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Pride Month 2020: Honoring resistance and resilience of the global LGBTQI+ community

One of the first LGBTQI+ couples to get officially married in Taiwan on May 24, 2019. The sign in Chinese says “We are getting married!” Photo by Filip Noubel, used with permission.

For many countries around the world, Pride Month is celebrated in June as a time to honour the rights and memories of the LGBTQI+ community. The month has special significance because of the June 1969 Stonewall riots in New York which launched the LGBTQI+ liberation movement in the US. The month of June was declared Gay and Lesbian Pride Month by US president Bill Clinton in 1999, and expanded to the entire LGBTQI+ community by US president Barack Obama in 2009.

But beyond the specific US context, June is a time for many members of the community, and LGBTQI+ rights activists in particular, to speak publicly about their lives, to organize events, and to advocate for equality globally. The situation varies considerably around the world: while 2019 brought quasi-marriage equality in Taiwan, many LGBTQI+ people suffer from discrimination, hate speech and attacks, and in some countries they can face the death penalty.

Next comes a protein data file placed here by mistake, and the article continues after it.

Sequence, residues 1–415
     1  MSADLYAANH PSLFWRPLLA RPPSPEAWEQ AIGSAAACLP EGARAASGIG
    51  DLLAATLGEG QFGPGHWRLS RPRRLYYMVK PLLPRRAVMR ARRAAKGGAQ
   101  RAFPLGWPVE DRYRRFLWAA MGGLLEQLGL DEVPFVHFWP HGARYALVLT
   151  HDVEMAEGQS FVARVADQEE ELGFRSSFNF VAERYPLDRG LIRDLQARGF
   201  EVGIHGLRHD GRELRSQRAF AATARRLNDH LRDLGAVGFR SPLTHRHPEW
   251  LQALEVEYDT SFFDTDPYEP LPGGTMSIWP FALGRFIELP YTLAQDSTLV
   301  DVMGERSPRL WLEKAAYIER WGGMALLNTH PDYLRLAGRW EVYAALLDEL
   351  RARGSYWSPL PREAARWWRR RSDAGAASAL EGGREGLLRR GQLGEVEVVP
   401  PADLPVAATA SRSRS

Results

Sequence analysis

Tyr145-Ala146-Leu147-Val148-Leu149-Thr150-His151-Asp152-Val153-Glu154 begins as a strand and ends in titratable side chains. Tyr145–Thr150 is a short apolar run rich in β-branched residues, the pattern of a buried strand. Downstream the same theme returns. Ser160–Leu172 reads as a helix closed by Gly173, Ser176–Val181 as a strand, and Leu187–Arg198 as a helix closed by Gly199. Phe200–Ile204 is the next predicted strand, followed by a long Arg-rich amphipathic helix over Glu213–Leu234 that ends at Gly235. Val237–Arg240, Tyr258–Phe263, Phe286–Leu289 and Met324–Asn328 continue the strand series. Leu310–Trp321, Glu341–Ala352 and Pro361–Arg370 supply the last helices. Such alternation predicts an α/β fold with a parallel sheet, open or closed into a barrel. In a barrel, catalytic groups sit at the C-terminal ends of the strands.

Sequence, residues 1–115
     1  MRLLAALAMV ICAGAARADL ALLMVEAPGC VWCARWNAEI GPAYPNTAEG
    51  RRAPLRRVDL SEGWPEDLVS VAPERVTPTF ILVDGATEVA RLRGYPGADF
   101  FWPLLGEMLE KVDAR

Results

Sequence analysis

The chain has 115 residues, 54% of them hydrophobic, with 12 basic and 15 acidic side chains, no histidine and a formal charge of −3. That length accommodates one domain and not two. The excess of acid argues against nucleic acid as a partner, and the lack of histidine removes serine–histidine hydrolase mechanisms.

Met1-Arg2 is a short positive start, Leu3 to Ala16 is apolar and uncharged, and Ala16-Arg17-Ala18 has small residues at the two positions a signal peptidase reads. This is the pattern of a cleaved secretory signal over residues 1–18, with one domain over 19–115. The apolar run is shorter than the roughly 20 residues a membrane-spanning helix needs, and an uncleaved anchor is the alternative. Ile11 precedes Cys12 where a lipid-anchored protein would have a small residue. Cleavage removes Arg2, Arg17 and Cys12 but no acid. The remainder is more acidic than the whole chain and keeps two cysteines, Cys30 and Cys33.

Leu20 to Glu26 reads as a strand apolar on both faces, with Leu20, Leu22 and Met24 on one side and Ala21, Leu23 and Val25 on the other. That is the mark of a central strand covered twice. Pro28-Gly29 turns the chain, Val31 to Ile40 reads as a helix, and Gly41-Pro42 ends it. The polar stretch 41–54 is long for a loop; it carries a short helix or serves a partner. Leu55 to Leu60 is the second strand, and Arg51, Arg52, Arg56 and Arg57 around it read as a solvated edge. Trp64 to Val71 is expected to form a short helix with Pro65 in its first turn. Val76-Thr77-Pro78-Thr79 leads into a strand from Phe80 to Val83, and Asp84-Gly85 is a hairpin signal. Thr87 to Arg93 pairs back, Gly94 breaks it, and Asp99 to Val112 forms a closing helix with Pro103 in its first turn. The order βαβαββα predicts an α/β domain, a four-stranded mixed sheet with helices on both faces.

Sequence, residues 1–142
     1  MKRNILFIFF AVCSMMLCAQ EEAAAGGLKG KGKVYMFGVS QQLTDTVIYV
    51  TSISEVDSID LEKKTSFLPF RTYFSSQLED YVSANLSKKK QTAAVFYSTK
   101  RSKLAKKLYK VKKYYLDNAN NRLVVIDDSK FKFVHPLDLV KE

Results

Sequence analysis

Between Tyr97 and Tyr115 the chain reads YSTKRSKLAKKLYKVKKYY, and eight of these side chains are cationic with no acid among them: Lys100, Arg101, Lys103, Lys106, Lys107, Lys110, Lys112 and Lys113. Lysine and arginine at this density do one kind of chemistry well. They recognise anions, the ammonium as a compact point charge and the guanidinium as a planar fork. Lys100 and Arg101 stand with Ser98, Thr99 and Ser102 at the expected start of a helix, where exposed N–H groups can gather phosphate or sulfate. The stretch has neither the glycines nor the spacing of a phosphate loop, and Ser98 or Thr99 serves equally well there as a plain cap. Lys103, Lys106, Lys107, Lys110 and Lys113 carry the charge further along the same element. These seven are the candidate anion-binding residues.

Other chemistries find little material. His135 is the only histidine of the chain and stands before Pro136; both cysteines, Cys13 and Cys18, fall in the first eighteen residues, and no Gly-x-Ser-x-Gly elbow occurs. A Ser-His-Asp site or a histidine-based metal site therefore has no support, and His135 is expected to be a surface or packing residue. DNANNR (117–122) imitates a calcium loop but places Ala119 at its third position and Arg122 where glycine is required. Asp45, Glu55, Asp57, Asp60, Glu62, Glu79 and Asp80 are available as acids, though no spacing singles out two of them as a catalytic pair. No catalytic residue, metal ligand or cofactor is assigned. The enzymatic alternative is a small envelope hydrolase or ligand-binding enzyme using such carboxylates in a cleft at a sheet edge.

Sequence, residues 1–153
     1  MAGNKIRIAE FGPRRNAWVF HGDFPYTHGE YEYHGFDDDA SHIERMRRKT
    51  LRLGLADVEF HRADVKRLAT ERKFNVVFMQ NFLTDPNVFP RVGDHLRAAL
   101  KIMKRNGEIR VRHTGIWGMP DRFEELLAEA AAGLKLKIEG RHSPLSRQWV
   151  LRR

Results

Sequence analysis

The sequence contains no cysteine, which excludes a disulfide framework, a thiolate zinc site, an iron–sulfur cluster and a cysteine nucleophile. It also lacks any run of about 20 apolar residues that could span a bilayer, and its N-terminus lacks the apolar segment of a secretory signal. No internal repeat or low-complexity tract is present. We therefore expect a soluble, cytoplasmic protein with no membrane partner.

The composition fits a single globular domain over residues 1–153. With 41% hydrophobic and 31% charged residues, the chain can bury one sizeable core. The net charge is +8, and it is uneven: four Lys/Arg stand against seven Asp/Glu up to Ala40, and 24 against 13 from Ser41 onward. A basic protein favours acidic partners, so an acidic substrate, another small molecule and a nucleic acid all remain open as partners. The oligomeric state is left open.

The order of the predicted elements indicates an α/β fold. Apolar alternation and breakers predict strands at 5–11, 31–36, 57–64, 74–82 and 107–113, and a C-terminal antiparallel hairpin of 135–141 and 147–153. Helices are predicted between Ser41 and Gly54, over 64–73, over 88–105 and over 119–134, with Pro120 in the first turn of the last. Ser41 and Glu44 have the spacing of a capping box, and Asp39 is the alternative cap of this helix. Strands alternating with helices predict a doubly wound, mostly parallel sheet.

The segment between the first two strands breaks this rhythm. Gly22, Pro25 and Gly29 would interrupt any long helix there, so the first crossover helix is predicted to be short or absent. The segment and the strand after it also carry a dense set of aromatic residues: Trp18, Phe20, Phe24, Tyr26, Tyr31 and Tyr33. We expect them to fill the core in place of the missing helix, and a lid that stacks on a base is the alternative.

This year, COVID-19 is affecting Pride Month as many public events, including festivals and Pride Parades, have to be cancelled or significantly reduced because of health risks. Global Voices continues to highlight the challenges and victories for the LGBTQI+ community across the world on this Special Coverage page.

‘Venezuela has gone backwards’ on LGBTIQ+ rights, says congresswoman Tamara Adrián

LBGTI community and politicians salute Montenegro's new law on same-sex partnership 

New law forces Hungarian transgender people to choose exile

How Kazakhstan's youth are forging their own national identity 

#SiAceptoCR: LGBTQ+ couples celebrate online as Costa Rica legalizes same-sex marriage

Meet the Uzbek activists using apps to connect gay men to HIV testing and care

“L Japan”: Kobe couple vlogs about lesbian life 

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